Support to Investment

Getting down to the nuts and bolts – a push for sustainable agricultural mechanization in Africa

Radical agricultural transformation in Africa is needed to achieve zero hunger and prosperity goals laid out in the African Union’s Agenda 2063.
©FAO/Luis Tato - Miriam Mbuki Koigu, farmer and beneficiary of FAO's Mechanization Programme for Conservation Agriculture Farmers
20/04/2020

Today, more than ever, digital agriculture is streamlining efficiency and productivity. But in Africa, many people do not have access to agricultural tools and equipment to improve their yields and reduce heavy labour. These tools, digital and non-digital, need to be available to farmers.  

“Agricultural mechanization and innovation need to be part of the equation,” says Josef Kienzle, an agricultural engineer and leader of FAO’s mechanization task team.

FAO is supporting the African Union to promote sustainable agricultural mechanization across the continent to boost agricultural productivity and production with a view to ending hunger in Africa by 2025 and feeding a growing and rapidly urbanizing population. 

Around 60 percent of Africa’s population earns a living from agriculture, but the sector is failing to reach its potential. Sustainable mechanization – from simple hand tools to more sophisticated and motorized equipment – not only can improve productivity along the agrifood value chain but also reduce harvest and post-harvest losses. It can ease the burden of hard physical work, reduce labour shortages and improve the productivity and timeliness of agricultural operations.  And it can lead to better market access by improving food quality and safety, added value, logistics and transportation.

Small-scale farmers cannot always afford to buy agricultural machinery. Thus, being able to rent mechanization services to prepare land for early planting or for on-time harvesting is key.

Mobile phone technologies combined with GPS tractor trackers have become new business models. The TROTRO Tractor Limited, for example, is a powerful platform that connects farmers and tractor operators, helping to improve accountability and reduce the loss and misuse of equipment. It operates in Ghana and Zimbabwe and soon in Kenya. 

At the request of the African Union and FAO Member Countries, FAO developed the Sustainable Agricultural Mechanization: A Framework for Africa with the Department of Rural Economy and Agriculture of the African Union Commission. The comprehensive framework, the product of a long, Africa-wide consultative process, provides guidance on tackling challenges and promoting greater uptake of sustainable mechanization. 

To carry out the framework’s recommendations, FAO’s Investment Centre and Plant Production and Protection Division jointly organized regional workshops in Côte d’Ivoire (with around 30 representatives from Benin, Senegal, Morocco, Burkina Faso, Côte d’Ivoire), and in Uganda (with more than 60 representatives from Ethiopia, Kenya, United Republic of Tanzania, Zambia, Ghana, Uganda). The workshops brought together practitioners, government officials, farmer organization representatives and bankers to share experiences and knowledge. They looked at the need to link good agronomic practices, like Conservation Agriculture, with sustainable mechanization options.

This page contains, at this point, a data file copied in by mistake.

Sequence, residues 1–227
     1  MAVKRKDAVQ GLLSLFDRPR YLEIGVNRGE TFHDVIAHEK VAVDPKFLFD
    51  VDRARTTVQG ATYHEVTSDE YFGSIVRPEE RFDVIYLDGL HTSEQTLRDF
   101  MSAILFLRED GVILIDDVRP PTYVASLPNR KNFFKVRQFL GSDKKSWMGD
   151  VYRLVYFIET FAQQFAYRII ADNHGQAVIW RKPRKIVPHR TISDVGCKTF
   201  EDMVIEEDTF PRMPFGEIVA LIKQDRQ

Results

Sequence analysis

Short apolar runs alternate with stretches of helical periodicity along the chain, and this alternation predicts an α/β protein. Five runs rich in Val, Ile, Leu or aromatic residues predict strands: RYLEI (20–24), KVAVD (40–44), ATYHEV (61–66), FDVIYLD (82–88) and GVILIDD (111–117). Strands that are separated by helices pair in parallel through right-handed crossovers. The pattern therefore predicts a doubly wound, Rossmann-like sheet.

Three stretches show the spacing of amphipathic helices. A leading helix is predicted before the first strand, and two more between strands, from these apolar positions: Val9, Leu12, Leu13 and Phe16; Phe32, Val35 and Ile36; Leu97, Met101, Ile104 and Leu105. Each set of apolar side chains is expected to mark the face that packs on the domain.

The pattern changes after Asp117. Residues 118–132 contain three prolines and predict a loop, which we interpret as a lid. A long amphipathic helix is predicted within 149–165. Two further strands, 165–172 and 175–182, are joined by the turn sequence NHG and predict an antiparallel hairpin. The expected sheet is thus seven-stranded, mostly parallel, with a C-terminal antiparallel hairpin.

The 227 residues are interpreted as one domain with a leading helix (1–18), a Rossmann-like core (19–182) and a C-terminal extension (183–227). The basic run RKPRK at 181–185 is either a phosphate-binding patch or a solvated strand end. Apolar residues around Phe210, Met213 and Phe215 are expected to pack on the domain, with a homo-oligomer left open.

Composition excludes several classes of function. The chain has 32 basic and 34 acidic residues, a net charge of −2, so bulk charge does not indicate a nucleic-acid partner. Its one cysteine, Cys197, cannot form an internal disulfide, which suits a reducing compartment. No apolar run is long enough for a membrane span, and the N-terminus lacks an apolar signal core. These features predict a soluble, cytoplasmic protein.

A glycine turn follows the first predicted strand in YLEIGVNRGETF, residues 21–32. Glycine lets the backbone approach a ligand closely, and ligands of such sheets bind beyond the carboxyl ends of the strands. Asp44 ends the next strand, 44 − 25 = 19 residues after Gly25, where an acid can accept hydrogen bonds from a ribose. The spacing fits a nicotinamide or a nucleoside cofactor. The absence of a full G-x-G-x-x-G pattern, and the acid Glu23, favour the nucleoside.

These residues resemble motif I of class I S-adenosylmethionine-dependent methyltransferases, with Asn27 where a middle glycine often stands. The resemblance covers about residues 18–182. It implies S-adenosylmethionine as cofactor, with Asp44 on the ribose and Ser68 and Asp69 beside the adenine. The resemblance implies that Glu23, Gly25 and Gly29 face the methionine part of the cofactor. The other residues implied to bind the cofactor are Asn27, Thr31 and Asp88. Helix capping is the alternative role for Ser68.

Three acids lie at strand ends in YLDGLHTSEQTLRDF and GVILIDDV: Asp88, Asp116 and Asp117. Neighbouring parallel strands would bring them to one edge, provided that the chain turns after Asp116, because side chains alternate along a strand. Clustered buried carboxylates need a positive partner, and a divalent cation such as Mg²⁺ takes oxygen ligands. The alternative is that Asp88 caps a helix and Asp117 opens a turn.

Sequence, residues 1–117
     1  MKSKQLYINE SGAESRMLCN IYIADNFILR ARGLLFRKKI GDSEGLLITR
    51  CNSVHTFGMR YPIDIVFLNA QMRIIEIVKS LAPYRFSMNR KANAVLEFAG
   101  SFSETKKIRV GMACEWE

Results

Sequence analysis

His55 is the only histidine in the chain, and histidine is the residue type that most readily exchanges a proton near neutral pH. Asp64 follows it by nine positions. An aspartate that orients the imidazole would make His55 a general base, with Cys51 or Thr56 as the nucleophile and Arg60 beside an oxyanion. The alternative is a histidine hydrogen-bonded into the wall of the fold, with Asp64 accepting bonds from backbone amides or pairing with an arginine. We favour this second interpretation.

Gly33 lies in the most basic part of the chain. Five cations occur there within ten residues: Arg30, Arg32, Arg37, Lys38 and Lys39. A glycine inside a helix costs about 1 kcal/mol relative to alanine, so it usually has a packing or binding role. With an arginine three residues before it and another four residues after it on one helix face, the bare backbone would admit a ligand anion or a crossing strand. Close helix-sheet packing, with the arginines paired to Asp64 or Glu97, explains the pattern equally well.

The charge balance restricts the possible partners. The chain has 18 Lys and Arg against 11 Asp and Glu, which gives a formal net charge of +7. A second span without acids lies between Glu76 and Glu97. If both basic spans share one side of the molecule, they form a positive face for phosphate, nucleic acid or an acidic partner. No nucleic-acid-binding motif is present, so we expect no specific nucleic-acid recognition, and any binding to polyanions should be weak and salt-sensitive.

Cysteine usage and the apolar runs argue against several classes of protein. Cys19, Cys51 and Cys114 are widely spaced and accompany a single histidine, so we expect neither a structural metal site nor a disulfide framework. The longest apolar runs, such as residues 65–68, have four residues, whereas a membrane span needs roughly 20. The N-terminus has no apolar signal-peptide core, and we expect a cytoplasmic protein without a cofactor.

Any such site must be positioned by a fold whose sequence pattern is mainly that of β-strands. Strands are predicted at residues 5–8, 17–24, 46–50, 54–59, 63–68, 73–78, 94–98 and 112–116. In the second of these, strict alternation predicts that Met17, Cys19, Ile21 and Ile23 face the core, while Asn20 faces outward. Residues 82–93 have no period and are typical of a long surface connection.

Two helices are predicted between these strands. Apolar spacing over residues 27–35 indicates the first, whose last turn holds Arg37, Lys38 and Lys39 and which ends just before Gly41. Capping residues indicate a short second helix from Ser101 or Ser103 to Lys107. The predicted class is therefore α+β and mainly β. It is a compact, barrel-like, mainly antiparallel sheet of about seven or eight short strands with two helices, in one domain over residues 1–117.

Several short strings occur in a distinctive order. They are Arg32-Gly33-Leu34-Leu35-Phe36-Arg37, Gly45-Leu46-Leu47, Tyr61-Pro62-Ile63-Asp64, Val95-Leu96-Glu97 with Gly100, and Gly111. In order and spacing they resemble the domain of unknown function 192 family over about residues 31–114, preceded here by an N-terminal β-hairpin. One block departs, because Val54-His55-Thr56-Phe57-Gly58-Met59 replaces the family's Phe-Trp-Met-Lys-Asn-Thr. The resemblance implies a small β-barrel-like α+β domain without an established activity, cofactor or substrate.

“Mechanization is not about displacing labour or pushing industrial agriculture,” according to Kienzle.  “It’s about boosting farm power through technologies that are environmentally, economically and socially sustainable.” That means promoting climate-smart technologies that are appropriate, readily available and affordable. These technologies should target women as well as young farmers and rural entrepreneurs by creating attractive jobs in agriculture. 

Kouamé Samuel, an FAO workshop attendee from Côte d’Ivoire, reported that his enterprise’s vision was to “place agricultural technologies at the service of farmers to boost their productivity and sustainability."

Sustainable agricultural mechanization is largely driven by the private sector. Finding the right business models is vital. Public–private dialogue, including with farmers’ organizations, is also key for creating an enabling policy environment and building trust. 

“We need accurate trade data on sustainable agricultural mechanization from the public and private sectors to better judge where the needs are,” Kienzle says. “We also need to have Africa-wide standards and certification schemes in place to guarantee the quality and safety of agricultural equipment. This would help with its trade.”

FAO Investment Centre Africa Service Chief, Alberta Mascaretti, says that the Centre stands ready “to facilitate work with our partners to help finance sustainable agricultural mechanization in Africa and to promote technology and business models adapted to smallholder farmers and small and medium enterprises along the value chain.” She adds that “special attention should be given to reducing the drudgery of many agricultural and domestic tasks for women.”

The framework serves as a common long-term vision for African countries on policy and strategy. It also creates a foundation for regional cooperation, networking and partnerships. The European Agricultural Machinery Industry Association, for example, is urging the European Commission to mainstream sustainable agricultural mechanization in Africa into its new strategy.  

Sustainable mechanization will contribute to greater food security at the farm level and improve efficiencies throughout the food value chain across the African continent.